Discovering New Ways to Live with Charcot-Marie Tooth Disease

Charcot-Marie Tooth (CMT) is a neuro-muscular disease that can impact everyone differently. There are a few variations of a CMT diagnosis, but I have never been given a specific diagnosis. The diagnosis test generally involves a form of electrical nerve stimulation which is very painful, so I just avoid it. I never needed testing because it was clear during stages of childhood development, as I learned to walk a little later than most babies. In my childhood, the signs of CMT were loud and clear because of how I walked or ran.

Accepting My Need for Mobility Aids

As I have progressed throughout childhood and my young adult years, I have needed many different mobility accommodations. Some were easier to acknowledge than others. I have regularly needed to check in with myself and recognize my own internalized ableism. For a long time, I felt like I did not need a power wheelchair because I could walk. It took me years to really understand how to manage my energy with mobility aids (braces, crutches, etc.)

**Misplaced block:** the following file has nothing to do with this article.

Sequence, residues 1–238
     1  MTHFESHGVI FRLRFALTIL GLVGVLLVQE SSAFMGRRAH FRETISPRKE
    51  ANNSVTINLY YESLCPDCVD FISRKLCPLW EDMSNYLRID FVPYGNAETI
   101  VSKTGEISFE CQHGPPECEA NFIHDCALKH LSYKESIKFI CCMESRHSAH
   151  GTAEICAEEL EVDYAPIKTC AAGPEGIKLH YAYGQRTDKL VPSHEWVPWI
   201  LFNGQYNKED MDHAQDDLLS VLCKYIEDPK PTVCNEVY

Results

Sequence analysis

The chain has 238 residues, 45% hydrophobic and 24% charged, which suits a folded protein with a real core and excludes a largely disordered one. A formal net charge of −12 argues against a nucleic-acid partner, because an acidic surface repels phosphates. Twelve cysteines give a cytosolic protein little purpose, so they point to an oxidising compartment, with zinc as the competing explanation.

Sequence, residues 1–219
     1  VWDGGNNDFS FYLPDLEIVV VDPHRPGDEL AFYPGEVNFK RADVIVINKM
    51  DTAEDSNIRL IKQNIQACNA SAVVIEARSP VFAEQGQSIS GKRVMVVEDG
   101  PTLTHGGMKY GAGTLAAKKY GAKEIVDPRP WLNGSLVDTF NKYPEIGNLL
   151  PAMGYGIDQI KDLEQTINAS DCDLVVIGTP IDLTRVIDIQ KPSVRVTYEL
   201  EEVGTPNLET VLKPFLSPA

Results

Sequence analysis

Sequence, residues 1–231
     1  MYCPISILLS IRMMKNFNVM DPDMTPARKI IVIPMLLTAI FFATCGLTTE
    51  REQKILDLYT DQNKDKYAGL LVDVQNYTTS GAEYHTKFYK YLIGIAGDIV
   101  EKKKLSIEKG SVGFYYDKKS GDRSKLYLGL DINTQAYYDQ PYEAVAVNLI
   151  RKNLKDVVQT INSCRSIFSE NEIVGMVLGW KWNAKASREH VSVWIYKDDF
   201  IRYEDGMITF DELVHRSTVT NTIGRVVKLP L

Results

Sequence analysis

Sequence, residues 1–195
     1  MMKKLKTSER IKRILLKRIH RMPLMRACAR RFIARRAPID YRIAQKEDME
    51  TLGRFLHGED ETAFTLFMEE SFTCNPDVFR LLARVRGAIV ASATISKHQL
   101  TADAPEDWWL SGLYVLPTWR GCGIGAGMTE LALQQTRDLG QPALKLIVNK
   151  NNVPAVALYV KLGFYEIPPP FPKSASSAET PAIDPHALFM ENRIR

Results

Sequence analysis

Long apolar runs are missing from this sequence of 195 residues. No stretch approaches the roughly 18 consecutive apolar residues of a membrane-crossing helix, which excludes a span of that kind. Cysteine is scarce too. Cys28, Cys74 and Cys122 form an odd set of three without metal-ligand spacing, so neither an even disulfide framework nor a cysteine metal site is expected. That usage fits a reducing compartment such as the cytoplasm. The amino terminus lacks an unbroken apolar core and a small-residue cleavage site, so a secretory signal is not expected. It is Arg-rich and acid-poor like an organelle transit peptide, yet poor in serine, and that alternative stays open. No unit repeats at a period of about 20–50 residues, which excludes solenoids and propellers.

Whether you just acquired a disability or have had one for many years, give yourself time to understand how your disability is evolving. As you notice changes, making accommodations for yourself becomes easier. One of my favorite mobility aids is my Stretto Power Chair. It is my first power wheelchair ever and it serves many purposes for my mobility.

How I Use My Stretto Power Wheelchair

I choose to use my power wheelchair when I plan to walk long distances. Because of CMT, I have a weird mixture of footdrop and plantar fasciitis which can make walking difficult. I also like to use my wheelchair when I am going somewhere at night. Visually, walking in dark spaces can throw my balance off. I also like to have the support of my power chair when I know I will be standing for long periods of time. For example, when I groom my dogs, I am standing for over three hours. Using my wheelchair is a simple way for me to conserve energy and keep myself safe while using scissors or clippers. For the same reasons, I use my power wheelchair when cooking and baking in the kitchen.

As I discovered what worked for me, I had a great support system. Those individuals encouraged me to try new things and develop a sense of pride. I hope your transition to using mobility aids allows you to experience support from new friends as well.

About Riley Hurt: Riley lives in Salem, Oregon, and uses a Stretto Power Wheelchair for mobility. Riley is enrolled in college, pursuing electrical and computer engineering. She hopes to make her future field more inclusive for people with disabilities. Click here to learn more about Riley.


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